In contrast, it has been reported that by including 1% Casamino acids (Difco) and buffering the medium at pH 6.0, extracellular proteases were inhibited, increasing the yield of mouse epidermal growth factor. Please see Clare JJ et al. (1991) Gene 105:205–212.

Additionally, major vacuolar proteases may be a factor in degradation, particularly in fermentor cultures that have the combination of the high cell density and lysis of a small percentage of cells. Using a host strain that is defective in these proteases may help reduce degradation. SMD1168 and SMD1168H are protease-deficient Pichia strains that are defective for Pep4p, a proteinase that is required for the activation of other vacuolar proteases, such as carboxypeptidase Y and proteinase B. Please see Higgins DR and Cregg JM (1998) Pichia Protocols, Humana Press, Totowa, New Jersey. Please note that SMD1168, SMD1168H, and the Pichia Protocols book can be ordered from us.

In the following reference, 1% casamino acids were used: Clare JJ et al. (1991) Production of mouse epidermal growth factor in yeast: high-level secretion using Pichia pastoris strains containing multiple gene copies. Gene 105(2):205–212.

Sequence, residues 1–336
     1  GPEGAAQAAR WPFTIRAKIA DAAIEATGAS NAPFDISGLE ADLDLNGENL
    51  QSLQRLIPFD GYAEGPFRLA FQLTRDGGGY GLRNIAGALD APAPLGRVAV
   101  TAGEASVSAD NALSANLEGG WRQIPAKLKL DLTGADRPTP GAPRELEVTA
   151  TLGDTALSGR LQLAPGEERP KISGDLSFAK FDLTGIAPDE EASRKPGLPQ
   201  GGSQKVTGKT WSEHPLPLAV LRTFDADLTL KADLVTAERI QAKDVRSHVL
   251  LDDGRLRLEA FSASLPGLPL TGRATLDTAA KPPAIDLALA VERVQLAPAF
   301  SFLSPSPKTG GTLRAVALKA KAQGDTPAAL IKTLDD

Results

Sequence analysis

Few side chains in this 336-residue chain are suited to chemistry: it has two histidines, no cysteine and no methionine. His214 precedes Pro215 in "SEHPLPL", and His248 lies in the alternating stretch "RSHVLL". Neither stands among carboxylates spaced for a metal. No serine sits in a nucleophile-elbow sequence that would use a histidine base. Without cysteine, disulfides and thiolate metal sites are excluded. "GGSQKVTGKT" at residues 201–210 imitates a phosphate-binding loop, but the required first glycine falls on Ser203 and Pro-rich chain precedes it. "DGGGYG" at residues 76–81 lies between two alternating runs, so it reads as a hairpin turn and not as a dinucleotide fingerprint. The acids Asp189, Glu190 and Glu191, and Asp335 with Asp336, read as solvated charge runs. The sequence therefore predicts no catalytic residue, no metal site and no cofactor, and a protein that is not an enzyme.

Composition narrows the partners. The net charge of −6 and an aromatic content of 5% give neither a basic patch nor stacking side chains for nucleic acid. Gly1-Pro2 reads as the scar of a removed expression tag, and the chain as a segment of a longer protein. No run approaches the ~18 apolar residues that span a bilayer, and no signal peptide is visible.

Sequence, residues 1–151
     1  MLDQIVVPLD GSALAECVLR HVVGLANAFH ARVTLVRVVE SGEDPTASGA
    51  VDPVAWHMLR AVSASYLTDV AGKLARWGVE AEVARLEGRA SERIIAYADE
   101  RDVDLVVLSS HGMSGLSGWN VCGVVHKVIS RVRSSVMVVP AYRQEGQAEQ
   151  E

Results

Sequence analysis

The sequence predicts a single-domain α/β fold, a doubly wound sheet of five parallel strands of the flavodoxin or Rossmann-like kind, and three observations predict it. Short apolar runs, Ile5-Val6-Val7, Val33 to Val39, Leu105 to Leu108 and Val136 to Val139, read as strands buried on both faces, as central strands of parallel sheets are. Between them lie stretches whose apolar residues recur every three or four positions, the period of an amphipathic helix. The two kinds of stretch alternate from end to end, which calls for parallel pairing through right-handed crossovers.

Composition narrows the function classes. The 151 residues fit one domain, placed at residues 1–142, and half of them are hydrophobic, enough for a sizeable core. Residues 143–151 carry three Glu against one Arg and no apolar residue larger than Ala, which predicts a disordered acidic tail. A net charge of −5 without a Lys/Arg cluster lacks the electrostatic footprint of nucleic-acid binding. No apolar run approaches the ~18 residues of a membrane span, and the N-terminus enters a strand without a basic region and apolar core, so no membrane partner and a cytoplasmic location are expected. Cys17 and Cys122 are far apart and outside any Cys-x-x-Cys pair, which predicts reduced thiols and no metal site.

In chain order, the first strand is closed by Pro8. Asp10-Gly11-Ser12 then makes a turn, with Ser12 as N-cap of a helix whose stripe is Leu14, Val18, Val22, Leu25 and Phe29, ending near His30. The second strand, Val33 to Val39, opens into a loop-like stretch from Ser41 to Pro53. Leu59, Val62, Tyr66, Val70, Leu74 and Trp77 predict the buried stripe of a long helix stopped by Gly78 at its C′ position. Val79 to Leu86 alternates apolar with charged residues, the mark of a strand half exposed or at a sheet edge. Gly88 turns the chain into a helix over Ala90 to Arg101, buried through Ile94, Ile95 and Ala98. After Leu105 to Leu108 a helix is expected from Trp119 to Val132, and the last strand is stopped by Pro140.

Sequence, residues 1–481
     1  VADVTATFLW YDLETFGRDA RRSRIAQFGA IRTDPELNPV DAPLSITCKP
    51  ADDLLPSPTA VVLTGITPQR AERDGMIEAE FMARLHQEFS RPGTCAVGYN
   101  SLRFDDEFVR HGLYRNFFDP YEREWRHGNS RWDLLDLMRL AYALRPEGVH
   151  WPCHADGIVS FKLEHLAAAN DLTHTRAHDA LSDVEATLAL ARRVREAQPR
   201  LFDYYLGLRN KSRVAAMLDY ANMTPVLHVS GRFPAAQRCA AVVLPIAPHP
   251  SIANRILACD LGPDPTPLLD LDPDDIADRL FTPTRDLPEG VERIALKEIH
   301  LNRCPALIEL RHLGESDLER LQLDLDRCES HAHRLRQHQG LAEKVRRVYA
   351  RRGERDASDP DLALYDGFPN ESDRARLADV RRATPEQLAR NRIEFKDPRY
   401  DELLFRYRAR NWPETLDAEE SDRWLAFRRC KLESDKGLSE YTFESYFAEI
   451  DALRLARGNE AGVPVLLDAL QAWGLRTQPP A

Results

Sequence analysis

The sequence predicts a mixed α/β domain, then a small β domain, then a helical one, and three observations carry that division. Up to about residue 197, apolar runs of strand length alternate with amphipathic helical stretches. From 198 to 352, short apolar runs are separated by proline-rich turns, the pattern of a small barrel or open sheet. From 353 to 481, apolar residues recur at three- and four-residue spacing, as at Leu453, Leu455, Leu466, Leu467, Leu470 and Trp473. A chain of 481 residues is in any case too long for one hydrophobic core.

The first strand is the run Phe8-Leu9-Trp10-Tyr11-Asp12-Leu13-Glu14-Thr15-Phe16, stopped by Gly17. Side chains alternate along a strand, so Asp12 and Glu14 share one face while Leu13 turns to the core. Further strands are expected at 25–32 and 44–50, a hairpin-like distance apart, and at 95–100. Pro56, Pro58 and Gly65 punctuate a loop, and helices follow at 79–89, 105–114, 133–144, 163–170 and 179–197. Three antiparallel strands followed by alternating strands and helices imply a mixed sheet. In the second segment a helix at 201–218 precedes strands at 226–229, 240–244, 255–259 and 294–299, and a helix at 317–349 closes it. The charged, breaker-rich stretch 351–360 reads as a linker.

In this paper, the researchers found that although Pichia grew to a similar cell density in both YP and YNB, only a very low level of mouse epidermal growth factor (0.07 µg/mL) was present in supernatants from single-copy transformants when grown in YNB, and this decreased during further incubation. By using YNB medium that had been buffered to pH 6.0 and supplemented with 1% casamino acids, secreted mEGF levels substantially increased to ~1.9 µg/mL for single-copy transformants.